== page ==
NOTE: The terms Twinspur and Diascia are identical in this text; in reality, Diascia is Twinspur’s biological word.
There is a delicate, frothy type of plant called diascia. Some varieties spill over pots, while others grow more upright. It is a native of South Africa and is a relative of the snapdragon. The varieties of diascia that are popping up at garden centers have been bred recently. Every year, they come out with new colors and better bloomers.
Why does my Diascia roots have rot?
Root rot on your Twinspur (Diascia) can be dangerous if left untreated. In order to keep your plant alive, we strongly suggest that you follow our advice if the signs start to show: blackened and mushy roots.
Why does my Twinspur have gray mold spots?
Gray mold spots are a type of fungus that is found a lot in flowers, and spreads quite rapidly. If you notice brown (or gray) spots, it is probably this fungus. Don’t ignore these symptoms, as they may end up killing your plant.
The answer is obvious once you recognize the cause of the problem. Most frequently, it results from the Diascia being overwatered. We strongly advise you to remove the damaged plant parts, cut off the diseased roots and leaves, and then repot your plant in a new container with sterile potting soil.
Why does my Twinspur have leaf spots?
This type of disease is one of the most frustrating for Twinspur owners, we give you all the leads to spot and save your plants that present symptoms such as leaves that suddenly change color, or wilt/droop.
Why are my Twinspur leaves turning yellow?
In the world of horticulture, yellowing leaves are undoubtedly the most common problem. The two main causes of this problem are overwatering and a lack of nutrition.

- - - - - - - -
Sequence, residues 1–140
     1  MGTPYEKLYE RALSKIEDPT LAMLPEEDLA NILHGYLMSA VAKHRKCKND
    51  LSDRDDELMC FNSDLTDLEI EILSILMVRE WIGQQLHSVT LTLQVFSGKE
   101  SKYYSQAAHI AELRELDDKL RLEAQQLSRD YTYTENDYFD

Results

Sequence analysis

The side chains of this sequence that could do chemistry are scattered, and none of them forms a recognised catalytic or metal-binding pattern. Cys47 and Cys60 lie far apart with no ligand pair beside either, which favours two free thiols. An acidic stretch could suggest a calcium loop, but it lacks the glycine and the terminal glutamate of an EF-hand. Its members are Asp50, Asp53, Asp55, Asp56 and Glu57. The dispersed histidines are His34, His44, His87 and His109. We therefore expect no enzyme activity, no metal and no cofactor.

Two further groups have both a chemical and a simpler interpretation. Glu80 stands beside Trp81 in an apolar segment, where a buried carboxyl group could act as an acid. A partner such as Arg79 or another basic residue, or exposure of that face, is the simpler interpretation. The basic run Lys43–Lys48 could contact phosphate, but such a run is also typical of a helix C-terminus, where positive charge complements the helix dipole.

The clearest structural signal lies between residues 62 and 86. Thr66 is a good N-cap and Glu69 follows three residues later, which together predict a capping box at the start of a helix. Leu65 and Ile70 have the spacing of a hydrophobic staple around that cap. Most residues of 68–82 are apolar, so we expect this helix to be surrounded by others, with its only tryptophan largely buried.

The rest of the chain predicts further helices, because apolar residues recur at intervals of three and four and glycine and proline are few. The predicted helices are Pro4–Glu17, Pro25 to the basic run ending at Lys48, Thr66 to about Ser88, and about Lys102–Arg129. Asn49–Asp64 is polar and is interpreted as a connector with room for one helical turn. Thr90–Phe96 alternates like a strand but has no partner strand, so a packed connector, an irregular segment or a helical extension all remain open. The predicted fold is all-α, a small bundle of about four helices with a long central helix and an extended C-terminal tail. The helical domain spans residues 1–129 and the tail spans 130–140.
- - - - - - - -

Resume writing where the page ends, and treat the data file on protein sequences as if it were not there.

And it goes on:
Whether you think your plants are getting too much water, cut back on how often you water them, and take the following measures to see if they might be nutritionally deficient:
Here are some signs of yellowing caused by the many deficiencies on the Diascia in question:
- The first symptom of a magnesium deficiency is yellow patches between leaf veins on elder leaves. The leaf’s core turns yellow while the veins stay green. The edges of the leaf yellow last.
- Yellowing between leaf veins is another sign of iron shortage, but young leaves on plant tops and branch tips are initially affected.
- Sulfur shortage first affects the youngest leaves, turning them entirely yellow.
- Leaf edges turning bright yellow but inside leaf remaining green are signs of potassium insufficiency. The symptoms first appear on older leaves, and the leaf edges quickly become dark.
- A broad yellowing indicates a nitrogen deficiency. Yellowing starts with older, inner leaves. Yellowing spreads as it advances, eventually touching new leaves as well.
You only need to respond to the signs mentioned above. A gardening store expert will be able to provide you advice on how to purchase a specific soil to treat a potassium or nitrogen deficiency. Additionally, you can reduce how often you water your plants.
Is my Twinspur sunburned?
You can easily tell if your Twinspur (your Diascia) has a sunburn. In this case, your plant will change color, starting to turn yellow or white, much like it does on us.
The leaves of your Twinspur can also change color in case it gets too much water or not enough light, as we saw above.